Field Notes: COVID-19 and the Provision of Psychological Services

Field Notes: COVID-19 and the Provision of Psychological Services

It seems that there were some greater concerns on the part of some Israeli respondents about their own mental health than was the case with either the North Americans or Asians. Is this a case of actual differences, or either greater sensitivity to mental health issues or more honesty in reporting these issues as have a personal impact?

What about the more positive challenges facing those who provide psychological services in these three areas of the world? Some differences appeared in the ratings. While some of the Israeli respondents might have identified some major negative challenges in their life as a result of COVID, they also frequently indicated greater opportunities for growth and new directions. 50% of the Israeli respondents indicating that these emergent opportunities had a “major impact” on their life, whereas only 19% of the North Americans and 13% of the Asians identified COVID as having a major impact in this area. 30% of the North Americans actually indicated that the virus never opened up an opportunity. It should be noted however, that both North American (47%) and Asian (62%) respondents did indicate that opportunities were “often” opening up—the virus was just not as often a “major impact” for these two populations as it was for the Israelis.

Finally, we can look at results for the second positive challenge which concerns finding open, empowering and/or newly emerging visions of the future in the midst of COVID challenges. The ratings are similar in the three populations, with opinions being spread out rather evenly over all four response categories among the North Americans, Asians and Israeli. There was a slight tendency for North Americans to be less positive in their ratings, though many of these respondents at least rated this challenge as “often” being part of their life (47%) and 13% indicated that the virus had a “major impact” in this regard. By comparison, 50% of the Israelis and 25% of the Asians rated this positive challenge as “often” being present. 25 % of the Asians and 17% of the Israeli respondents indicated that this challenge had a “major impact”. Apparently, the virus was viewed in quite different ways by those who provide psychological services in each of these three regions of the world. Was this a matter of the actual experiences with which each respondent had to deal in their own life or a matter of how these experiences were framed and engaged?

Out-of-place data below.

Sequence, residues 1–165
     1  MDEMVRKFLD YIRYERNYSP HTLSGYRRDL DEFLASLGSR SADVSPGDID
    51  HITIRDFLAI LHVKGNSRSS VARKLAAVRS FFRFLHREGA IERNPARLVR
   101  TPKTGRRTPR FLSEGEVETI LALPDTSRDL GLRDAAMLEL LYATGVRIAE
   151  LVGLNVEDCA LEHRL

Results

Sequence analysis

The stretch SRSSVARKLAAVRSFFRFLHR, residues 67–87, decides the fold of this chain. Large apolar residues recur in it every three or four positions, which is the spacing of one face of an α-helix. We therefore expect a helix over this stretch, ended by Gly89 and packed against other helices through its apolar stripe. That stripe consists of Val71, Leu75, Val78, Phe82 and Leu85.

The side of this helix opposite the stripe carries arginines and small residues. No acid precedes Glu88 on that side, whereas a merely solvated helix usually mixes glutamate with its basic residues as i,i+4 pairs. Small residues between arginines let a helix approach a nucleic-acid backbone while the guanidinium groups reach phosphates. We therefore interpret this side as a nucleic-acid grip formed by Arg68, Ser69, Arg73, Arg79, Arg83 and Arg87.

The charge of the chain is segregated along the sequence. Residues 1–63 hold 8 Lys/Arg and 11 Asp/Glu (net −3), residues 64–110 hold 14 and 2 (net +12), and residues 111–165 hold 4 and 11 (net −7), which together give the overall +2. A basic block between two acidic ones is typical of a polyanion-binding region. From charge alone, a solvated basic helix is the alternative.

Future of Psychological Services

There were some differences between our three population of respondents regarding how they think their work is likely to change in the future as a result of COVID-19. First, the Asian respondents were much more likely to suggest “quite a bit” of change in their strategies (88%) than were either the North American (29%) or Israeli (33%) respondents. This difference is also reflected in the “a little bit” ratings. Asian respondents were much less likely to rate the change in strategy as “a little bit” (12%) than were either the North Americans (13%) or Israelis (16%).


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About the Author

William BergquistWilliam Bergquist, Ph.D. An international coach and consultant in the fields of psychology, management and public administration, author of more than 50 books, and president of a psychology institute. Dr. Bergquist consults on and writes about personal, group, organizational and societal transitions and transformations. His published work ranges from the personal transitions of men and women in their 50s and the struggles of men and women in recovering from strokes to the experiences of freedom among the men and women of Eastern Europe following the collapse of the Soviet Union. In recent years, Bergquist has focused on the processes of organizational coaching. He is coauthor with Agnes Mura of coachbook, co-founder of the International Journal of Coaching in Organizations and co-founder of the International Consortium for Coaching in Organizations.

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